Readers like you keep news free for everyone.

More than 5,000 readers have already pitched in to keep free access to The Journal.

For the price of one cup of coffee each week you can help keep paywalls away.

Support us today
Not now
Tuesday 30 May 2023 Dublin: 14°C
AP Photo/Geert Vanden Wijngaert
# system error
Google's latest EU headache could end up affecting how your phone operates
The European Commission has accused Android of abusing its own dominant position to promote its own services.

THE EUROPEAN COMMISSION has opened up an investigation into Google over the rules it imposes on phone makers using Android.

Roughly 80% of smartphones used in Europe run on Android but the European Commission (EC) is taking issue with some of the company’s practices.

The EC has sent a Statement of Objections to Google regarding the conditions it places on phone makers using the operating system, saying it kills competition.

“Based on our investigation so far, we believe that Google’s behaviour denies consumers a wider choice of mobile apps and services and stands in the way of innovation by other players,” said EU competition commissioner Margrethe Vestager.

The specific claims made against Google include:

  • Requiring phone makers to pre-install Google Search and Chrome as well as make Google the default search engine.
  • Stopping phone makers from selling smartphones running on competing software based on Android.
  • Giving financial incentives to phone makers and network operators on the condition they exclusively pre-install Google Search on devices.

Google has already released a statement rejecting the claims saying its “partner agreements are entirely voluntary” and that the revenue generated by its apps and services via Android are what helps fund it and keep it free.

We take these concerns seriously but we also believe that our business model keeps manufacturers’ costs low and their flexibility high, while giving consumers unprecedented control of their mobile devices.
While Android is free for manufacturers to use, it’s costly to develop, improve, keep secure, and defend against patent suits. We provide Android for free, and offset our costs through the revenue we generate on our Google apps and services we distribute via Android.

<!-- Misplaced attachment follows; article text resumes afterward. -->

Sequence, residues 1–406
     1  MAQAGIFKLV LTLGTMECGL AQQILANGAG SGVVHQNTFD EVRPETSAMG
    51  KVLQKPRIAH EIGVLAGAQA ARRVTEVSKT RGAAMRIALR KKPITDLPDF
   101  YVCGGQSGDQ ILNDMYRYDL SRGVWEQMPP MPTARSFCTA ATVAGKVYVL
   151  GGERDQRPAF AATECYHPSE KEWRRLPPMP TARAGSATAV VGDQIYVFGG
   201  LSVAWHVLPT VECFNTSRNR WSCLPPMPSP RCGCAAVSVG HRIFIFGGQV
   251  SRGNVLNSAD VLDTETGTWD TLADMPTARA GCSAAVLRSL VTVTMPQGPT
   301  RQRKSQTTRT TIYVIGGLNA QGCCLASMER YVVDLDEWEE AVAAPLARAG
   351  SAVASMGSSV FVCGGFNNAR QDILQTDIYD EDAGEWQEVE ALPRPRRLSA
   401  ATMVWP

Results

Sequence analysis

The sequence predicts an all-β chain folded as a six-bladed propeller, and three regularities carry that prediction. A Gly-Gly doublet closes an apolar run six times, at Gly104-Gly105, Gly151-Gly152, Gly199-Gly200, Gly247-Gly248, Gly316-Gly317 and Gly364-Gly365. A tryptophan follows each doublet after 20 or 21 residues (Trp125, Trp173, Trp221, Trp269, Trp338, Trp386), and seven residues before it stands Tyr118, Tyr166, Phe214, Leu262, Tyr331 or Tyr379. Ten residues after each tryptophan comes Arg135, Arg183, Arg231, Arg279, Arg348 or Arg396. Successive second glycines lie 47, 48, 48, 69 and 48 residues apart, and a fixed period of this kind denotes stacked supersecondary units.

Looking to the past

As for what happens now, it’s worth looking at what happened with Microsoft and Internet Explorer back in 2009 as a possible example. The company used its dominant position as the leading desktop software to push Internet Explorer and therefore become the dominant player in the web browser market.

After losing a court case in 2010 and being fined €860 million overall, it was then required to include a web browser choice screen. This showed Windows XP, Vista and 7 users 11 different browsers they could install including Internet Explorer. This case eventually led to another EU case looking into Google’s search engine practices.

BrowserChoice Wikimedia The browser choice screen Microsoft was forced to use after it lost its court case. Wikimedia

While the fine was huge, the EU didn’t feel that would be enough to stem anti-competitive behaviour among companies. The then EU competition commissioner Joaquin Almunia said that the commission would look for negotiated settlements that would change businesses’ plans instead of just fining them.

That will likely be the approach for this Android case. Google might be able to absorb the costs a fine would bring, but with the focus on cutting down the practice outright, it would look to ensure users get a choice of browser and search option the first time they start up a smartphone.

One part of the problem is how most Android smartphones tend to double up on similar apps. The agreement with Android is you include these apps as standard and are free to add your own afterwards, which is why you end up with two photo apps, two messaging apps, two calendar apps and so on.

Belgium Europe Steel AP Photo / Virginia Mayo The EC competition commissioner Margrethe Vestager. AP Photo / Virginia Mayo / Virginia Mayo

The other part concerns Google’s statement which mentions how it’s free but costly to develop. Depending on the compromises made over the next few months, it could end up limiting revenue streams and cause it to look for money elsewhere.

One of the benefits of Android is it doesn’t cost phone makers anything to modify, developing software from scratch is a major cost for any company, and helps keep the overall cost of their phones down.

If Google has to find other ways to fund it, or follow Apple’s example and charge developers an annual fee for publishing apps, then that could have an impact on the type of apps released. If it gets manufacturers to pay for it in some form, that cost could be passed down to consumers through smartphone prices.

Google has three months to respond to the claims.

Read: Apple complied with a lot of data requests made by Irish authorities >

Read: This classic computer is hoping to return as two different devices >

Your Voice
Readers Comments